Sofa Agreement Guam

The assumption that American bases served local interests in a common ideological and security project dominated until the 1960s: the granting of access to the base showed a commitment to the fight against communism and a gratitude for U.S. military support. But with the decolonization and the U.S. war in Vietnam, such arguments began to lose their power, and the number of American overseas bases dropped from a peak in the early 1960s. Where access was once automatic, many countries have now had greater influence over what the United States has to give in exchange for basic rights, and these rights could be restricted in a variety of ways, including environmental and other regulations. The bargains used by the United States were increasingly sophisticated weapons, as well as rents for the country on which the base was established.5 These exchanges were often linked to trading and other types of agreements, such as access to oil and other raw materials and investment opportunities (Harkavy 1982:337). They have also had destabilizing effects on regional arms balance sheets, particularly when advanced weapons are the means of exchange. From the previous ideological justification of the bases, the global recovery of the post-war period and the reduction of inequalities between the United States and the countries – especially in the world North – that housed the majority of American bases led to a more pragmatic or more economical basis for negotiation, although often veiled by the language of friendship and common ideological inclination. In the 1980s, countries whose people and government had strongly opposed the U.S.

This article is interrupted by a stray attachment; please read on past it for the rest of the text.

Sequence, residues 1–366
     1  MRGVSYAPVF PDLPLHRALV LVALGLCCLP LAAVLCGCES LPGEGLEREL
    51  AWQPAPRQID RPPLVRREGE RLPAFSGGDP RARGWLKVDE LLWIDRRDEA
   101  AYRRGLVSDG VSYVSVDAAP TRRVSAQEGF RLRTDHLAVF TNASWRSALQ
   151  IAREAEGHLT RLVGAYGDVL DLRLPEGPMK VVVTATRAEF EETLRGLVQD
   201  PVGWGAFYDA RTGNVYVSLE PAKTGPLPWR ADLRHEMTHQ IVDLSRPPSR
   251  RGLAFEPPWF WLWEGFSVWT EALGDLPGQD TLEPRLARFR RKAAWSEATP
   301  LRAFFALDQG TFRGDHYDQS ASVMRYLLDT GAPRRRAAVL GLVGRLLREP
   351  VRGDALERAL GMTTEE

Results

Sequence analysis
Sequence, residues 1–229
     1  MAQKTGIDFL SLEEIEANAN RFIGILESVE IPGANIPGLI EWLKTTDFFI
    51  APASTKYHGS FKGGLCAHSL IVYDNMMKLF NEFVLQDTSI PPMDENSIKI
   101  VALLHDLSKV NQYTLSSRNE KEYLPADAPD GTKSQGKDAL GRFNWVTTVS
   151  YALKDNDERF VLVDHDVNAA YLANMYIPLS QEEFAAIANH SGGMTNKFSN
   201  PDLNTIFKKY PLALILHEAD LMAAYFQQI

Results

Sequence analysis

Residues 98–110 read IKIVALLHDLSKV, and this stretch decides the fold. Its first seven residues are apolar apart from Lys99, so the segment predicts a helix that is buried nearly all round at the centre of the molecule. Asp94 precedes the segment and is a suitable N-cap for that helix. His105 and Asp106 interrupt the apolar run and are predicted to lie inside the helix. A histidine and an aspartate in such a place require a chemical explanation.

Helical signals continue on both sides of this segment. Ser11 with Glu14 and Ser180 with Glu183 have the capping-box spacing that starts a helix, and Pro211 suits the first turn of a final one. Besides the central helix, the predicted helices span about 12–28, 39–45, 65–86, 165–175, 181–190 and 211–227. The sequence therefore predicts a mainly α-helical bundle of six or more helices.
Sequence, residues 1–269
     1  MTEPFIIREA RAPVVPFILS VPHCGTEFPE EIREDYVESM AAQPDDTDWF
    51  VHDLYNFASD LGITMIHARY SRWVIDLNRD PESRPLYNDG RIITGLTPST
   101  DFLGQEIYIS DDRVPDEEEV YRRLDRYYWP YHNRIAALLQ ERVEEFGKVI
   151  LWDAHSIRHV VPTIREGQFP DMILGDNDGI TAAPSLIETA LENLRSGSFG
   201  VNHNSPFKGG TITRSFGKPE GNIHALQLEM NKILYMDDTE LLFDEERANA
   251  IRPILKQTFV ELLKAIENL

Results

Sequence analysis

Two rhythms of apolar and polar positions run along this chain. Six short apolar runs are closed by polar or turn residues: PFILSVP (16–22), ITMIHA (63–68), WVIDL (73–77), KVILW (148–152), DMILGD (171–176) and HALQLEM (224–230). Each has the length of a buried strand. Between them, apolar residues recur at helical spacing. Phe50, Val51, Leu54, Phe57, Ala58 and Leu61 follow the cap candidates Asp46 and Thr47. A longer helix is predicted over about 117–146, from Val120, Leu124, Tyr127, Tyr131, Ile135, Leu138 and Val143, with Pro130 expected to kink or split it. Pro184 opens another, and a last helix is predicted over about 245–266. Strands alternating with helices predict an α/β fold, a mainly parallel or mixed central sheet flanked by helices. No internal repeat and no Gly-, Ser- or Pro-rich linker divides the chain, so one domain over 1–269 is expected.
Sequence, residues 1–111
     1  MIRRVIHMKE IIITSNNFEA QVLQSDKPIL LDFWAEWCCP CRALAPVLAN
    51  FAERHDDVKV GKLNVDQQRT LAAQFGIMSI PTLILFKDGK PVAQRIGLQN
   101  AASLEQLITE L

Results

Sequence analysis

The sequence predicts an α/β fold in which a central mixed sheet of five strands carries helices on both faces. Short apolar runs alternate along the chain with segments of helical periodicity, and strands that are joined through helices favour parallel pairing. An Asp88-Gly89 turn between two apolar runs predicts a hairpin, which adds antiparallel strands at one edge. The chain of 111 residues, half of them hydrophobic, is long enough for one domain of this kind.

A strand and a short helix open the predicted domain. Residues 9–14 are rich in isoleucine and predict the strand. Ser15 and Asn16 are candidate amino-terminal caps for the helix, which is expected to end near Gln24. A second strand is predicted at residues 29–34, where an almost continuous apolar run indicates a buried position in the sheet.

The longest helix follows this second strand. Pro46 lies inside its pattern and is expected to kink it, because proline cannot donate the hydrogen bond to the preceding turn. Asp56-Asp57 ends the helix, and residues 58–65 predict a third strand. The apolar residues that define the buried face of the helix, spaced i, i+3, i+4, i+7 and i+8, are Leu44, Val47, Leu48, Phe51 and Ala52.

military presence agreed with Greece, U.S. bases on their soil only because they needed money, and Burma, a neutral but very poor state, opened negotiations with the United States on the military base (Harkavy 1989:4-5). An agreement on visiting forces resembles an agreement on the status of the armed forces, with the exception of the first, which only temporarily covers intervention forces in a country that does not reside there. With the desire to gain military control over space and gather information, the United States has built over time, particularly in the 1990s, a large number of new military bases to facilitate the strategic use of communication and space technologies. Military research and development (the Pentagon deployed more than $52 billion in 2005 and employed more than 90,000 scientists) and the profits of companies expected to be realized in the development and use of the resulting technologies have been important factors in the growing number of technical installations on foreign lands. There are things like rocket warning radars, signal intelligence, space tracking telescopes and laser sources, satellite control, launch air sampling monitors and research facilities for everything from weapons testing to meteorology. Missile defence systems and network-centric warfare systems are increasingly focusing on satellite technology and drones, with the resulting requirements for ground installations. These facilities were often created in violation of arms control agreements, such as the 1967 Space Treaty, which aimed to limit the militarization of space. A sofa should clarify the conditions under which the foreign army can operate.

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